“Farm life” can evoke an image of fresh air, unrestricted spaces and rewarding hard work.  Yet, farming ranks among the most dangerous industries. The Bureau of Labor Statistics reports that agricultural workers have a fatality rate seven times higher than all workers: 23.2 deaths per 100,000, as compared to only 3.3.  Five hundred workers in agricultural operations died from work-related injuries in 2013; tractor overturns are the leading cause of death for farmers and farm workers.

In order to address the hazards that agricultural workers face each day, we need to start talking about safety and health on the farm on a regular basis. Training on safe work practices doesn’t necessarily need to be in a classroom environment; it can easily be included in discussions at the beginning of each work day.  “Tractor Talks,” a new safety resource for agricultural workers, offers reminders of safe and meaningful practices that can help workers avoid potential hazards.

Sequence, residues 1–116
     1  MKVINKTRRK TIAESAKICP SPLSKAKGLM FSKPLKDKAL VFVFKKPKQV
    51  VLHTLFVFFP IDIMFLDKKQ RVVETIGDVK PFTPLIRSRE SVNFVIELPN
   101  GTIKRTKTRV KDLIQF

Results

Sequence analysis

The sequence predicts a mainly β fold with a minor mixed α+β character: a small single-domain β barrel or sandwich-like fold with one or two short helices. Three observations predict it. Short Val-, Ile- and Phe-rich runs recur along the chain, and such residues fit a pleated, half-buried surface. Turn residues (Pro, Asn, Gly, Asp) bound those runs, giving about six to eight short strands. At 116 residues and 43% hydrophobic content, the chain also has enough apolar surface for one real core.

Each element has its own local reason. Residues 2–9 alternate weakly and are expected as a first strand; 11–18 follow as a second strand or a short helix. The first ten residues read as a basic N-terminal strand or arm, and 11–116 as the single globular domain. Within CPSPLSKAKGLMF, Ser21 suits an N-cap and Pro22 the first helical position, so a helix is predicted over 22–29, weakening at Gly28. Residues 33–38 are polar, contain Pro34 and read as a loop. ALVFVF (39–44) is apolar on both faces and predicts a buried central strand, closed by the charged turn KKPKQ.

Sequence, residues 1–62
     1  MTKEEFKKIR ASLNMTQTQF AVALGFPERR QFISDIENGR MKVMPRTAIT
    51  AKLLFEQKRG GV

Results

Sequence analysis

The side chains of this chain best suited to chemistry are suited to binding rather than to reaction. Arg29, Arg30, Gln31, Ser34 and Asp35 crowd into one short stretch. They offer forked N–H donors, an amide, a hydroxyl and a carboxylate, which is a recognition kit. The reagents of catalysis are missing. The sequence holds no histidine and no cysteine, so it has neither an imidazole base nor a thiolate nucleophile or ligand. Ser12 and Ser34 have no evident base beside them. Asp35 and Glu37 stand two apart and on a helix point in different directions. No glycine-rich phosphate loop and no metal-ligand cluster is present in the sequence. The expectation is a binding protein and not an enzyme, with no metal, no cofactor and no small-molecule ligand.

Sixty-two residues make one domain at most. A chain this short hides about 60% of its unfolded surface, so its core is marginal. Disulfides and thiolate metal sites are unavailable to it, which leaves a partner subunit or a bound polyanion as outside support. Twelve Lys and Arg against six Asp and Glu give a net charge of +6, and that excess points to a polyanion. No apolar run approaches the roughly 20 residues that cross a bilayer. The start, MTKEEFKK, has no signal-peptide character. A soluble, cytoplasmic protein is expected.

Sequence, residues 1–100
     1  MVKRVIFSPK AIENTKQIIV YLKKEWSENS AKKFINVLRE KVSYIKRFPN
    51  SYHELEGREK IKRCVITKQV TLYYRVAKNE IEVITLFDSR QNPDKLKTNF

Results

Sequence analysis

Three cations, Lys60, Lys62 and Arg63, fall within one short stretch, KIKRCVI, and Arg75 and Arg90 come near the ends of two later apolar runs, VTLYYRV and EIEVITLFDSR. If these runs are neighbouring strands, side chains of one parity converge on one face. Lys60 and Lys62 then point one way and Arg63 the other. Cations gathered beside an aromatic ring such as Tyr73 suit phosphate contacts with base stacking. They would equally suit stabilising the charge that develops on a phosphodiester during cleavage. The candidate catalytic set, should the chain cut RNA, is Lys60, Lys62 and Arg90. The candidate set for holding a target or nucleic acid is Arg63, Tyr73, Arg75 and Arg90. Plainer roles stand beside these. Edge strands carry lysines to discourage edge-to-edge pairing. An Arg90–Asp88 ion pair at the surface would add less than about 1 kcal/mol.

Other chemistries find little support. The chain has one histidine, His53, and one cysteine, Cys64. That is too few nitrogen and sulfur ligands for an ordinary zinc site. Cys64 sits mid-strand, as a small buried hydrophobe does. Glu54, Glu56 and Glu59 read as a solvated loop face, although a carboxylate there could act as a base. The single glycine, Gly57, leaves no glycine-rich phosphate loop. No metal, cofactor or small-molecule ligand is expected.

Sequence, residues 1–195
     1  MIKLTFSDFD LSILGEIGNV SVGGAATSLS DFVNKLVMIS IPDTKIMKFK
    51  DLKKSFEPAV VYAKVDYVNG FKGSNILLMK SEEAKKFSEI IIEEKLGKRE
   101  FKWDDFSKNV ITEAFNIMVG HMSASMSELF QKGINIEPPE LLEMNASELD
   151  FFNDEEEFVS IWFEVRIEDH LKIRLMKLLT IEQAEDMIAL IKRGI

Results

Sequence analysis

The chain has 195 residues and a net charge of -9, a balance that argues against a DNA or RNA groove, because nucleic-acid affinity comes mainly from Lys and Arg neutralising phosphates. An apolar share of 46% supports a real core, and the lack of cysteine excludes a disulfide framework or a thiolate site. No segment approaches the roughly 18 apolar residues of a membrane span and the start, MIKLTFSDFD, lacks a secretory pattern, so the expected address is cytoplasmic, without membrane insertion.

The “Tractor Talk” instructional materials are a hybrid between informal learning and formal training. They offer farm owners and operators an opportunity to create a meaningful connection with their workers, around agricultural safety topics.  The materials include information on twelve common agricultural hazards:

  • Confined Spaces
  • Environmental Safety
  • Ergonomics
  • Grain Bins and Silos
  • Hazardous Equipment
  • Heat Exposure
  • Ladder Safety
  • Noise Exposure
  • Pesticides and Chemicals
  • Respiratory Illnesses
  • Sanitation and Hygiene
  • Farm Vehicle Safety

Each topic includes a one-page handout, a shorter Quick Card, wallet cards and a PowerPoint presentation.

Best of all, these materials are absolutely free thanks to an OSHA Susan Harwood Training grant. They are available on a mobile-friendly website, or can be downloaded and printed.

Visit Tractor Talks website to download these free materials in an electronic format.

Help keep our farm workers safe!

 

This material was produced under grant number SH-27619-15-60-F-37 from the Occupational Safety and Health Administration, U.S. Department of Labor. It does not necessarily reflect the views or policies of the U.S. Department of Labor, nor does mention of trade names, commercial products, or organizations imply endorsement by the U.S. Government.